Train ride to Cluj-Napoca (130 km, 3 hours, 6.50 Euro), the country’s second biggest city: new hotel with spacious suite. The old city is not very big and frankly, rather disappointing. Lots of students, though. The next day I am taking a rental car at the small airport. New motorway, at least part of the way to Sibiu. In Julia Alba, I saw a huge sawmill; little surprise given the deforested hills around the area.
The influx of German settlers has left its mark on the history of Transylvania and is widely visible. Sibiu (or Hermannstadt in German) was European capital of Culture in 2007. Early morning sightseeing with hardly any people around: colourful orthodox cathedral, the upper town with the central square, scenic town hall, city wall with three ramparts.
From Sibiu to Sighisoara through beautiful, isolated countryside: forests and wildflowers, no suburbanisation. Fortified castle-like churches and horse-carts along the way. In many villages countless storks nesting on telegraph poles, their clattering can be really noisy. The old part of picturesque Sighisoara (a UNESCO site) lies on a mountaintop with narrow alleys leading uphill. The 64 meter high clock tower dates back to the 14th century. Medieval setting with a total of fourteen guild towers and a complete city wall. The myth of Vlad Dracul, the grandfather of count Dracula is cultivated here in his alleged birth house. However, he had never visited the town … go figure. Colourful houses, narrow alleys, the German cemetery on top of the mountain, next to the mountain church. Crowds of domestic tourists.
Day tour to Brasov. The nearby Dracula castle in Bran is the epitome of the Dracula hype. Massive traffic jams in town, alleys of souvenir and kitsch sellers, overpriced. Atop the town, Rasnov is another mighty fortress, inside a small village. Brasov disappoints as the main and almost only attraction is the Black Cathedral, the old city appears to have not much individuality. However being only two hours away from the capital Bucharest, the place attracts lots of tourism. German supermarket discounters like Lidl and Kaufland are very present, next to Metro, Selgros, Carrefour, or Decathlon. Around Brasov big operations of German automotive suppliers (Continental, Bosch and more).
Driving north to Piatra Neamt: Lake Rosu is a mountain lake; Rosu means pink but that’s certainly not the colour of the lake. Numerous paddle boots. Then the very narrow Bicacel gorge with scenic limestones jutting hundreds of meters to the sky. Over-tourism. Off the main road lies the Pangarati monastery (14th century): 28 monks, idyllic place. A monk tells me he spent one year in Konstanz, Germany, with a grant from the German church that paid him 1050 Euros per month: a top salary in Romania. The Neamt region derives its name from Hungarian settlers who claimed that they did not understand incoming Germans (neamt means ‘I don’t understand’). The word subsequently became a synonym for German. Through an alpine scenery with haystacks, creeks, and healthy looking, dense forests. Next are the Moldavian monasteries, all dating from the 14th century and all now classified as UNESCO sites. Most are very colourful inside, some also on the outside. Way too many tourists for my liking … Voronet monastery is surrounded by high walls. Its famous, blueish wall paintings gave name to the voronet-blue colour. Moldovita is another impressive monastery. Locals sell artful eggs, decorated with colourful wax. Arbore church lies in a dreamy garden, and largely disregarded by the tourist hordes. Sucevita is number three on the list of well-known monasteries, huge outside walls.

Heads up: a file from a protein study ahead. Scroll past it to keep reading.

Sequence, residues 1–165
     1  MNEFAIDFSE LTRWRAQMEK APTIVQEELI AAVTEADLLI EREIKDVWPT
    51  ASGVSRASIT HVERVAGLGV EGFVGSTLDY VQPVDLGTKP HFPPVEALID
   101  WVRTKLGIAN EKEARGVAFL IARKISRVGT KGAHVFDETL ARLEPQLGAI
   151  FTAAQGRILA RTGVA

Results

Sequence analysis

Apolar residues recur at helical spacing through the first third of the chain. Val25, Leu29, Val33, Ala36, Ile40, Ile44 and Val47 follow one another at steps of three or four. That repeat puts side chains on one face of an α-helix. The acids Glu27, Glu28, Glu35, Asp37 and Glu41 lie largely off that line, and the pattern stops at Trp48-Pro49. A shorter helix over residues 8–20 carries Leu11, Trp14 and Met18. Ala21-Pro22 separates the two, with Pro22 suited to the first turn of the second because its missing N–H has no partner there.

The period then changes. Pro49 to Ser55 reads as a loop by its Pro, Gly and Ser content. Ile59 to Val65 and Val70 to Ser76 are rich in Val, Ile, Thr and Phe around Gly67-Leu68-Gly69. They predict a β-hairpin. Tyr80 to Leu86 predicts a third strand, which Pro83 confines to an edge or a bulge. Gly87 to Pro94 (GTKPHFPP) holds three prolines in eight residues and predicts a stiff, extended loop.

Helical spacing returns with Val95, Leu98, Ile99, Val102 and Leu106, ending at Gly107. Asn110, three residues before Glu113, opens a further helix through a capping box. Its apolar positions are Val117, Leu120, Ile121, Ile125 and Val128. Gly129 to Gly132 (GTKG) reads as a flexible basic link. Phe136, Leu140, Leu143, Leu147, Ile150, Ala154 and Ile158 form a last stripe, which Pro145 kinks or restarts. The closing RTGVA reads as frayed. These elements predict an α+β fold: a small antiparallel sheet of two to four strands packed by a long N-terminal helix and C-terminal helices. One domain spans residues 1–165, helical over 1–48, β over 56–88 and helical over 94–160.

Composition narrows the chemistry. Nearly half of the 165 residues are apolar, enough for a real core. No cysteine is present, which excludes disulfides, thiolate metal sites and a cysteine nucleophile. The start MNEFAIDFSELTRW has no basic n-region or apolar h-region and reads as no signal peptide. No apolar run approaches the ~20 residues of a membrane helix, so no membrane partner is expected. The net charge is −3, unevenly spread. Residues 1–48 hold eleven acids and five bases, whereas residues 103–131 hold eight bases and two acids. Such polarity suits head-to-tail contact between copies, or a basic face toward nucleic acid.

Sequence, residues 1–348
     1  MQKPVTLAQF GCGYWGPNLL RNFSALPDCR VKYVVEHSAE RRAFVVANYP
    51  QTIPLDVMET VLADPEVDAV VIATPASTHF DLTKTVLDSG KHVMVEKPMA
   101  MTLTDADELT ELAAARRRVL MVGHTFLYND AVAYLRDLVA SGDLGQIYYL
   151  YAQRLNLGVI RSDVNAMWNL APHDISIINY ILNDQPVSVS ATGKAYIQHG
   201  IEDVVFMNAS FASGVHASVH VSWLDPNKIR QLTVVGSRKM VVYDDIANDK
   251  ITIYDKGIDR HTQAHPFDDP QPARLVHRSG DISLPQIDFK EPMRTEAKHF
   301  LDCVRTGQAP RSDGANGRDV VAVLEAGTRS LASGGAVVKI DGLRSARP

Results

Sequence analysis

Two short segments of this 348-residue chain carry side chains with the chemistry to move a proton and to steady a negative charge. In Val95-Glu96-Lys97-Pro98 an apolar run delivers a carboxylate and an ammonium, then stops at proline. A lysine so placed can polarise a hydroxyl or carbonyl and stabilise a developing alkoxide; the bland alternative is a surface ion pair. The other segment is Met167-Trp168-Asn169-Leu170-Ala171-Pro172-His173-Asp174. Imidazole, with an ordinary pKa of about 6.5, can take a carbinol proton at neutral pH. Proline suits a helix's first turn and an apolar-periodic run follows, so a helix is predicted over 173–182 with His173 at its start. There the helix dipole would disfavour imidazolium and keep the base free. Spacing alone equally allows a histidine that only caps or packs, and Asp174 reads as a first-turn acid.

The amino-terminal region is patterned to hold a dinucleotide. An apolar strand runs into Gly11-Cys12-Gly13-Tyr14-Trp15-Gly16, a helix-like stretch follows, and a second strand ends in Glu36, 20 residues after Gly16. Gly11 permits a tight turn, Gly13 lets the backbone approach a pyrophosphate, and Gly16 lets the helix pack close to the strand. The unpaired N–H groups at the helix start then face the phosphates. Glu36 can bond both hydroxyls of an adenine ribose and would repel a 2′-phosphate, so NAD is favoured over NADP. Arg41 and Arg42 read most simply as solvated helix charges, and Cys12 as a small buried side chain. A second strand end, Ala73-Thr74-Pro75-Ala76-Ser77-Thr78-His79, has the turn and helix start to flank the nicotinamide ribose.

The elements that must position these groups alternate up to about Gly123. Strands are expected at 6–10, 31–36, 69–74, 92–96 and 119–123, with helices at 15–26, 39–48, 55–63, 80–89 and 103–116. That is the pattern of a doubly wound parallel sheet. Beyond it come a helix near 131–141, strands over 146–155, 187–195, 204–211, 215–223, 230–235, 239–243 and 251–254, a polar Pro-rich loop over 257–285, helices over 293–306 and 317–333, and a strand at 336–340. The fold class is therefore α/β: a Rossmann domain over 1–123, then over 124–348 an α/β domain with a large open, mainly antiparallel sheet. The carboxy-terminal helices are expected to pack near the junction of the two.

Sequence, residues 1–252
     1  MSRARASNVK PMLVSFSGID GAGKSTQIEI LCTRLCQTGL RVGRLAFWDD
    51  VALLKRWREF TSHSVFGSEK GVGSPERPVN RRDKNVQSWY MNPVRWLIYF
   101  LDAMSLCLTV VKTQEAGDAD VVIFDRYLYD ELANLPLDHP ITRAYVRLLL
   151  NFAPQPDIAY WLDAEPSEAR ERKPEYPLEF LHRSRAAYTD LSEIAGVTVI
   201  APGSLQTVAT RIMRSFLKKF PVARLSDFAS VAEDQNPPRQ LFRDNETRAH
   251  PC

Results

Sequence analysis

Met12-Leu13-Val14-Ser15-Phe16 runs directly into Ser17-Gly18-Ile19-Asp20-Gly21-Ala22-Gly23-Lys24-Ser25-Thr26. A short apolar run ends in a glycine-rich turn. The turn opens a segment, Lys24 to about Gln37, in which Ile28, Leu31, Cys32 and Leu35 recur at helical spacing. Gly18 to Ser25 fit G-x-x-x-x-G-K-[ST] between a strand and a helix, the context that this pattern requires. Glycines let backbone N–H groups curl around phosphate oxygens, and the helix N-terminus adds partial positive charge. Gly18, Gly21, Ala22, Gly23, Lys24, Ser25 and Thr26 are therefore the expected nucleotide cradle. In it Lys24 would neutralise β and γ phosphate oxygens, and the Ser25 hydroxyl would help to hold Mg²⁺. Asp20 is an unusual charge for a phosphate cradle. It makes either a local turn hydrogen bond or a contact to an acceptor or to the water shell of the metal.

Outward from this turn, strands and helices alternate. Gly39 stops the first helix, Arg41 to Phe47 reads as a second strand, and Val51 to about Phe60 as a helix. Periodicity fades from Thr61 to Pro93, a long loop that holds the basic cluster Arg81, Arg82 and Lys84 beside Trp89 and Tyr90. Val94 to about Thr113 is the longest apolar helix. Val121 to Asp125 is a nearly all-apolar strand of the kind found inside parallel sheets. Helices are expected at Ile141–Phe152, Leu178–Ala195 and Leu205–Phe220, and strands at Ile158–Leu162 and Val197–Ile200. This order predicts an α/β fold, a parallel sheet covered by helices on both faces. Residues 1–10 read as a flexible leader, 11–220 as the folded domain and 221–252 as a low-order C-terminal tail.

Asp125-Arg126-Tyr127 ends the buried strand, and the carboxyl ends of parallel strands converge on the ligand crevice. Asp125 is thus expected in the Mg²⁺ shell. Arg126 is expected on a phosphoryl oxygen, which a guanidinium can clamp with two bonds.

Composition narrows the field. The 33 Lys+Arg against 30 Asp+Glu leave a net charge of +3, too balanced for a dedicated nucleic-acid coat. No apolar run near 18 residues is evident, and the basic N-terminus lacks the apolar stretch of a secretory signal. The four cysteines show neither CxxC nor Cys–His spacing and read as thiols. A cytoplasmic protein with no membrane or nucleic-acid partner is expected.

Through the Bukovina region to Suceava. My travel companion gets bitten by a local dog; the wound heals very slowly. Lesson learned: Do not get bitten in Transylvania. In a local cemetery, I noticed that every second grave is a member of the Vlad family. More than a hundred storks hovering in the air. Beautiful drive through the Carpathian Mountains. On the roadside, locals are selling mici (grilled sausages), honey and halba (another nod to German settlers with the German word of ‘Halber’ meaning half a litre of beer). In the forest nearby, stalls that sell raspberries, blueberries, chanterelles, and boletus. Bistrita, a typical small town with a large square, cathedral, and a lot of open air restaurants. Baia Mare: Numerous wedding couples having their pictures taken. A massive thunderstorm with torrential rain, and a friendly local driving us back to our hotel. Returning the car in Cluj-Napoca after driving 1700 km.
A safe, medium-priced country, with English being widely spoken. Plenty of tourist accommodation. Note on rental cars: Make sure that road toll is electronically enabled and already paid.